Having not had the most experience studying modernism so far, I truly thought that modernism in this context would be an entity that is vague, too abstract, or possessing some other kind of unclear nature. In one sense, I do find it difficult to subscribe to only one definition I've read in this text, but Sherry succeeds in giving the reader a certain freedom to decide, making sure to include ample historical context. From what I've gathered, I think I would choose to view modernism as a force which spans centuries, but never means one single thing. As modernism ages with the generations that study the term, the one trait that can be identified is that it always has this urgency to it. Scholars born centuries apart can understand the "right now" which modernism is concerned with no matter its other subject matter.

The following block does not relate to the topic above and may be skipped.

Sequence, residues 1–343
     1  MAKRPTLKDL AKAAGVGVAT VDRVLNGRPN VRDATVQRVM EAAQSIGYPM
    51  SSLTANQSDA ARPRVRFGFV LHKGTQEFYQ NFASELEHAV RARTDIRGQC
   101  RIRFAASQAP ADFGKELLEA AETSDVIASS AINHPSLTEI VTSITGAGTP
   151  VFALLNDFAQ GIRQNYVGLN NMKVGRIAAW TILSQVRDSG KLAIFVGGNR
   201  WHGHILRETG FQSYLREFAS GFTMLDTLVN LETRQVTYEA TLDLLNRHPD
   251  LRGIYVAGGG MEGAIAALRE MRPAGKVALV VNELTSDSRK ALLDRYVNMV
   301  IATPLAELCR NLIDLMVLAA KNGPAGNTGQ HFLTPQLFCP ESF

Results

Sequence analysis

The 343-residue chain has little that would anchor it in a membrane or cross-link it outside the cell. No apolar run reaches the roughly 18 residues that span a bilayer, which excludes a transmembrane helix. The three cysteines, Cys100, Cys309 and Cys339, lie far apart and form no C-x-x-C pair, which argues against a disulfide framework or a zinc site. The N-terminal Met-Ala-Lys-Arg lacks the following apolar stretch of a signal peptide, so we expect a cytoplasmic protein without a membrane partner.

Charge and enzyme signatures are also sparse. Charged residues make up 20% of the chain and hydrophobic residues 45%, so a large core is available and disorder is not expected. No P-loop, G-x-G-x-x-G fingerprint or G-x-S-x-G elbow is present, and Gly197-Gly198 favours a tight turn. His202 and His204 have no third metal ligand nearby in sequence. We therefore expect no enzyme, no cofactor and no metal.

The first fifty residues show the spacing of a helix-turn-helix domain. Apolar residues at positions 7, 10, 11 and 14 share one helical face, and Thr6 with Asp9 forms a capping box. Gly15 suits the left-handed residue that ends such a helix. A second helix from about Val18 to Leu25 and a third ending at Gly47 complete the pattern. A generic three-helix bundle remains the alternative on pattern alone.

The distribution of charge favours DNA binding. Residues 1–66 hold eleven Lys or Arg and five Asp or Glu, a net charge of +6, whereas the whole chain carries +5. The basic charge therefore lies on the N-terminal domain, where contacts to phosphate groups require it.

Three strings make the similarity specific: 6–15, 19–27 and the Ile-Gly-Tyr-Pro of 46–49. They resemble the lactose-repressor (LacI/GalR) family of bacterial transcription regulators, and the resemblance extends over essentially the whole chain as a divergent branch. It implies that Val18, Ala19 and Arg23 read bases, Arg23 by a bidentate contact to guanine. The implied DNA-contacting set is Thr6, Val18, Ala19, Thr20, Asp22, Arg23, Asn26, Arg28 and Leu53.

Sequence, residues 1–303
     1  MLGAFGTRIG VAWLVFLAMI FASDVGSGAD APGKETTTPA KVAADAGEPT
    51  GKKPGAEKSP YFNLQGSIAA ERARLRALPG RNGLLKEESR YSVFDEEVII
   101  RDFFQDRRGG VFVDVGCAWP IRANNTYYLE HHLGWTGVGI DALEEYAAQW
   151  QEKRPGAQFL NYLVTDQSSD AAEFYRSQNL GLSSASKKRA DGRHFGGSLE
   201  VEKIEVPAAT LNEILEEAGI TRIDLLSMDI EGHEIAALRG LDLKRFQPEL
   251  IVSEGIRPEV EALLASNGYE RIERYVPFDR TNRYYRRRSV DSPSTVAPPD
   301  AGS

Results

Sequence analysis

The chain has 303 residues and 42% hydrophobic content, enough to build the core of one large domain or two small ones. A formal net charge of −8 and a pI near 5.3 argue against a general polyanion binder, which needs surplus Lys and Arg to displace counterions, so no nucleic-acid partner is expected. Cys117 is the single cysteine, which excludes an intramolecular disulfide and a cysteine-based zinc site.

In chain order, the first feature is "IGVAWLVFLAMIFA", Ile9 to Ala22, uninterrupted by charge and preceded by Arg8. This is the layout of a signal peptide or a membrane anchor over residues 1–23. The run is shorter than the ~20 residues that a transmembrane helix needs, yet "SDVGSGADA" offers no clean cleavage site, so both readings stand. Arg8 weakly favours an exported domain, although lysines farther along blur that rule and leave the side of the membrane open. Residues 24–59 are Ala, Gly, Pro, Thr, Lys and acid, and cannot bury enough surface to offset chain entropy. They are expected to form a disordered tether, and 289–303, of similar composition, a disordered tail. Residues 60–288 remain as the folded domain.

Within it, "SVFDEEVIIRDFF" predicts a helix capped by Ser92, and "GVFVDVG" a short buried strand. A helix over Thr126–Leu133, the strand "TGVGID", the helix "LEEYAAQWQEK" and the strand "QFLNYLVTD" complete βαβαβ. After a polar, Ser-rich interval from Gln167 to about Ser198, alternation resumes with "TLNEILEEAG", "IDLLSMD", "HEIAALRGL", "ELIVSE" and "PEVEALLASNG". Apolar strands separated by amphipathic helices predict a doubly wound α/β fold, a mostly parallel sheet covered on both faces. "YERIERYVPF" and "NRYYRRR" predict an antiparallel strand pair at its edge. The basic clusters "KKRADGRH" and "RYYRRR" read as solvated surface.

I came to this opinion about it by taking in the various definitions supplied by this work, wherein Sherry points out this urgency with which modernism is always concerned. One quote on p.6 gave a great example of the way modernism can be identified with no matter the specific terms or moment in history. Sherry writes, "and so the verbal token of crisis time - conveying not just the expectation of change or renovation but the feeling of an acute present, a preoccupation with and in a brink instant, of living in a Now explicitly different from a Then or even a Next" (6). This idea was, at least to me, a wonderful way to explain the larger than life entitity that is "modernism." To describe its nature as crisis time, an acute present, and the Now was a nice way to tie its reach together for me.